After the legislature of the Mexican state of Sinaloa voted to legalize abortion up to 13 weeks, the Diocese of Culiacán announced that Catholic politicians who voted in favor of the law will not be able to receive the Eucharist or be godparents.

In  a statement, Father Miguel Ángel Soto Gaxiola, director of the Culiacán Commission for Life, Family, Youth and Laity, officially announced that Catholic lawmakers who voted in favor of abortion that the decision to deny them Communion is "the recognition of the objectively unworthy state of a person to receive the Body of Christ.”

The Culiacán Diocese is in the state of Sinaloa and includes the capital city of Culiacán. Sinaloa became the seventh Mexican state to decriminalize abortion.

In the letter addressed to Catholic politicians, Father Soto Gaxiola pointed out that "today we have many people scandalized by the public betrayal of the Church's teaching on faith and morals by those legislators who call themselves 'Catholic'."

He continued: "Indeed, the questioning of the faithful makes sense: How can a Catholic who openly promotes and is in favor of policies contrary to Life come to Mass and approach to take communion?

“In the Magisterium of the Church, the value of life has always and at all times been defended from its conception until its natural death,” the statement said.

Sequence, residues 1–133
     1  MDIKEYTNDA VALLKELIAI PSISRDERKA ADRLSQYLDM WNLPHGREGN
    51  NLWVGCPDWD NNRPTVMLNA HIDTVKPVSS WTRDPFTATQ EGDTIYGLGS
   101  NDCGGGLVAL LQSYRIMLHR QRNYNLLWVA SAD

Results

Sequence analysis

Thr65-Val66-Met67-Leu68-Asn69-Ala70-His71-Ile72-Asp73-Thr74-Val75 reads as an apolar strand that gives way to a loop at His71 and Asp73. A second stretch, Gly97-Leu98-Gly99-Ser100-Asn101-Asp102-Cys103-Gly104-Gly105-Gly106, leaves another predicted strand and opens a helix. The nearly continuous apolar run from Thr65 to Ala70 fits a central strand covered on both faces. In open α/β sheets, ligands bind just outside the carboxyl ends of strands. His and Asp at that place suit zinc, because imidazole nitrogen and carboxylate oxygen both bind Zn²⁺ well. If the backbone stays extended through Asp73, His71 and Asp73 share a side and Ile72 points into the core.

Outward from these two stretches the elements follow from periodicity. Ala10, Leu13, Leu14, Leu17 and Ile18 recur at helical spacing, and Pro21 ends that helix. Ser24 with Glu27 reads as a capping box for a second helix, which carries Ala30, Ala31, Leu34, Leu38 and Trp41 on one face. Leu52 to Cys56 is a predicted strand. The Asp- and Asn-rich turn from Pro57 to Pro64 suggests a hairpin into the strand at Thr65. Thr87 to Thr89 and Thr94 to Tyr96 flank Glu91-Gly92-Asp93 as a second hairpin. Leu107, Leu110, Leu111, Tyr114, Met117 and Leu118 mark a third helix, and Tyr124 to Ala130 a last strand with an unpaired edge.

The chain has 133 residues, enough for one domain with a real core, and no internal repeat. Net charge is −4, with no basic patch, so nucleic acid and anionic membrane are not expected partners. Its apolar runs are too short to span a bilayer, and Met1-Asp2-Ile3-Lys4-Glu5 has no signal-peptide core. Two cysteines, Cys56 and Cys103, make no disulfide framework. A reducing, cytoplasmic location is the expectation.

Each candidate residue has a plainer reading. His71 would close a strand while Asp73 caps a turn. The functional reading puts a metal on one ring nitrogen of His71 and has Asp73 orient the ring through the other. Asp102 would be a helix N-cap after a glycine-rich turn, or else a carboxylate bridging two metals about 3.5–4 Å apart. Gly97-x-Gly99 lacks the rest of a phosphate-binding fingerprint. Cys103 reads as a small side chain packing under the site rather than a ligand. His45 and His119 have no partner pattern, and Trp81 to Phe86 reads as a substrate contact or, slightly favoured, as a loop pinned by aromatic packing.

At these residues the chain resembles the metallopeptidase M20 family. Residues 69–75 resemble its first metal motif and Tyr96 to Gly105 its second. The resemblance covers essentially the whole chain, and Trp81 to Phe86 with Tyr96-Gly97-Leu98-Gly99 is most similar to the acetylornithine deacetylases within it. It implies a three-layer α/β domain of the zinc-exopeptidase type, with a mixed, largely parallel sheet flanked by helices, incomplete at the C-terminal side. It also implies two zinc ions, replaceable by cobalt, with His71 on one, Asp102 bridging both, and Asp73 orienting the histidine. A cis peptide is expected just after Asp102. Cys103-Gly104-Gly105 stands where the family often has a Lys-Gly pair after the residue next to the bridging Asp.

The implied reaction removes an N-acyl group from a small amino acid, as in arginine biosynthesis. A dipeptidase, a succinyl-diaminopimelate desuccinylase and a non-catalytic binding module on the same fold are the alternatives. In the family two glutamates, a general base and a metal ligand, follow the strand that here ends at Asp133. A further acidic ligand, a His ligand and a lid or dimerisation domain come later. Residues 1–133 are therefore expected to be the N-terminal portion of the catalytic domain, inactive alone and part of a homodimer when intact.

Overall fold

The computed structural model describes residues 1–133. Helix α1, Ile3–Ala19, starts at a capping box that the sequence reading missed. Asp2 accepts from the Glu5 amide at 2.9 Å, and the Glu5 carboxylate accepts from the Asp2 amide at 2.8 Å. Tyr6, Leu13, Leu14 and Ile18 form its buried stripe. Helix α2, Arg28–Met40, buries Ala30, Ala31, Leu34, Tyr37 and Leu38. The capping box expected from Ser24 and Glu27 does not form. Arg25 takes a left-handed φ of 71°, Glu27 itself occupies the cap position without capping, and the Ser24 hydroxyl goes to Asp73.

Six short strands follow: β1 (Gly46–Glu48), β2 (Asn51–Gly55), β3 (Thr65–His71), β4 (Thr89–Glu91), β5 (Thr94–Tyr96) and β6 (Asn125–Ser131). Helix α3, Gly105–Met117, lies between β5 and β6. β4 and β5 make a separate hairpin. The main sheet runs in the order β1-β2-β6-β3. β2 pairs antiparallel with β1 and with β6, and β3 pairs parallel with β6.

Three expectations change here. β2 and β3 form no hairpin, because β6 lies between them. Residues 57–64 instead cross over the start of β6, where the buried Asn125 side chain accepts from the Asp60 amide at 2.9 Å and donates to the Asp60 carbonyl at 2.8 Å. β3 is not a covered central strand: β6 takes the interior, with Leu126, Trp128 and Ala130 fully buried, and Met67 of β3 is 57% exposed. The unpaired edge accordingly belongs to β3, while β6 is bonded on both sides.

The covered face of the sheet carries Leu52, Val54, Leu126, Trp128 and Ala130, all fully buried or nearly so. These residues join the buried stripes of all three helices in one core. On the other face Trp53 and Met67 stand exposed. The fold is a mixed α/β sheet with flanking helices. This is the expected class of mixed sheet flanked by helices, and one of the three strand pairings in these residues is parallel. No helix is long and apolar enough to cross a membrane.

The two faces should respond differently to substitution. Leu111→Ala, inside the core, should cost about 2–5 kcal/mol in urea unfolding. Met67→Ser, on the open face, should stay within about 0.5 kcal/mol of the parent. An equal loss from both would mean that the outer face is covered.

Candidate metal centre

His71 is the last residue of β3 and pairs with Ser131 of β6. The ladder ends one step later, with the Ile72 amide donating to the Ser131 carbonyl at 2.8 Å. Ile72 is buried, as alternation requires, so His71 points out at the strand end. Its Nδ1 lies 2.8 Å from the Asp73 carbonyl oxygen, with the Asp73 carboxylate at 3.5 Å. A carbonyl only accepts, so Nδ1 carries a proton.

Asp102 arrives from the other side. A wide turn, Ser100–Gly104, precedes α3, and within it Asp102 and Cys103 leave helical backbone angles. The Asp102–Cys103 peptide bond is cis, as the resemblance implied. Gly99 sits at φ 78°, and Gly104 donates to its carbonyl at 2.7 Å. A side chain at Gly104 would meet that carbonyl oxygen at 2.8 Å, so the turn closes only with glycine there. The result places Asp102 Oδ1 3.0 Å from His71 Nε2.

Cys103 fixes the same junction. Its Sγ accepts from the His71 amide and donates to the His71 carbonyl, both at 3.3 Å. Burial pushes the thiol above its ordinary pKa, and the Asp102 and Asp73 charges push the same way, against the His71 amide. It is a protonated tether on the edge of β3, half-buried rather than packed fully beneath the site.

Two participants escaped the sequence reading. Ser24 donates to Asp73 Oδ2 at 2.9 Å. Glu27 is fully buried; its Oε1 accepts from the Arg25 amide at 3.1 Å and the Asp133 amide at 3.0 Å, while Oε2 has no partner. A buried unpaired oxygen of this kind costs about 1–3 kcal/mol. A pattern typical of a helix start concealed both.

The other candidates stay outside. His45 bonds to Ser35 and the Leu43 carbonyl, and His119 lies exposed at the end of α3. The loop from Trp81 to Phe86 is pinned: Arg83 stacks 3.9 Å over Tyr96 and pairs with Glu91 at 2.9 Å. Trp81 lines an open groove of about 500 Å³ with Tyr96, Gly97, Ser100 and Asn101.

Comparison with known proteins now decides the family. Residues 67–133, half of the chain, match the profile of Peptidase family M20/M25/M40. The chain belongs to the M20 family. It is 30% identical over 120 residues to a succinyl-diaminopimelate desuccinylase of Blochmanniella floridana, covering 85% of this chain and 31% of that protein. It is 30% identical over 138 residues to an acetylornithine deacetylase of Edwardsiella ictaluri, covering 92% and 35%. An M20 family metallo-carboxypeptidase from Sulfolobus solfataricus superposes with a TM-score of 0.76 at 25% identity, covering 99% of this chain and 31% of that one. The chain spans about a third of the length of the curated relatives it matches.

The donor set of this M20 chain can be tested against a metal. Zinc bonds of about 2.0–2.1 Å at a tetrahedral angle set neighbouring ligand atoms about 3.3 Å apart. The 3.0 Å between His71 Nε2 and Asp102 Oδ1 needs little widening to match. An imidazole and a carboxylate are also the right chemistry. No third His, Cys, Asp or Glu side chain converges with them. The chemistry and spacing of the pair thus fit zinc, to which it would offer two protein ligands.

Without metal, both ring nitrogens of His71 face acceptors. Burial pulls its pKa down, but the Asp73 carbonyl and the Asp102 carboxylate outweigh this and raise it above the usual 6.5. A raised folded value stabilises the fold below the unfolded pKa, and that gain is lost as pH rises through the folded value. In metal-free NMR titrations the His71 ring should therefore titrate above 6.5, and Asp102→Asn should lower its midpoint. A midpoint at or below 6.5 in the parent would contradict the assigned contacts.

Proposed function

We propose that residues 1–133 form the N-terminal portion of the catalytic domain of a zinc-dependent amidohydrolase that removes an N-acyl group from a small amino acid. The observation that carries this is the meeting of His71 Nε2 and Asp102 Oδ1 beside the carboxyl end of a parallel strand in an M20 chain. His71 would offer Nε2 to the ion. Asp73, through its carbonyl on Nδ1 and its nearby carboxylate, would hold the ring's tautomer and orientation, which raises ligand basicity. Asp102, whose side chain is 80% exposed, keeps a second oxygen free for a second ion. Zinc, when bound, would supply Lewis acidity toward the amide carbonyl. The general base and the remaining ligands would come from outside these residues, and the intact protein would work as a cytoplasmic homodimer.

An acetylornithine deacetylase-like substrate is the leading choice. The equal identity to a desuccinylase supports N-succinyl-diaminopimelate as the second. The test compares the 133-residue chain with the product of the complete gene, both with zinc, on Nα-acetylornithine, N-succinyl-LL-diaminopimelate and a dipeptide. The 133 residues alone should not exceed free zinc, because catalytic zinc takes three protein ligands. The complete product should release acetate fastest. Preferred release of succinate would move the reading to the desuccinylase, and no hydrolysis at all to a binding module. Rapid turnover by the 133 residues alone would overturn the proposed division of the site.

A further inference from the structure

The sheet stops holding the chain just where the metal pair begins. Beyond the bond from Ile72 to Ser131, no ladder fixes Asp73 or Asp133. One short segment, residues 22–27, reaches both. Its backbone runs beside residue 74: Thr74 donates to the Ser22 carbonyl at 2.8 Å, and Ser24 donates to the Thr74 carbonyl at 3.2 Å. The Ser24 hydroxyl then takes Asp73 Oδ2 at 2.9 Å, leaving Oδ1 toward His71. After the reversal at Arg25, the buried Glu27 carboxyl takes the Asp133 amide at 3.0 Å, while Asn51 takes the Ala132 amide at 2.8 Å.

The document rejects the justification of those who say they "personally believe in the immorality of abortion" but  favor "public policies" that include its legalization.

Citing the encyclical Evangelium vitae of St. Pope John Paul II, the statement said that "this is an erroneous theory, since 'no circumstance, no purpose, no law can make an act lawful that is intrinsically illicit, since it is contradictory to the Law of God, which is written in every human heart, known by reason itself and proclaimed by the Church."

The letter concludes: “Answering the question: Can a deputy or any person who professes to be a Catholic, while openly cooperating or legislating against life, receive Holy Communion? No. You cannot approach Sacramental Communion. Nor that person can be a godparent or companion of other people who want to receive other sacraments such as baptism.” 

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This story was first published by ACI Prensa CNA’s Spanish-language news partner. It has been translated and adapted by CNA.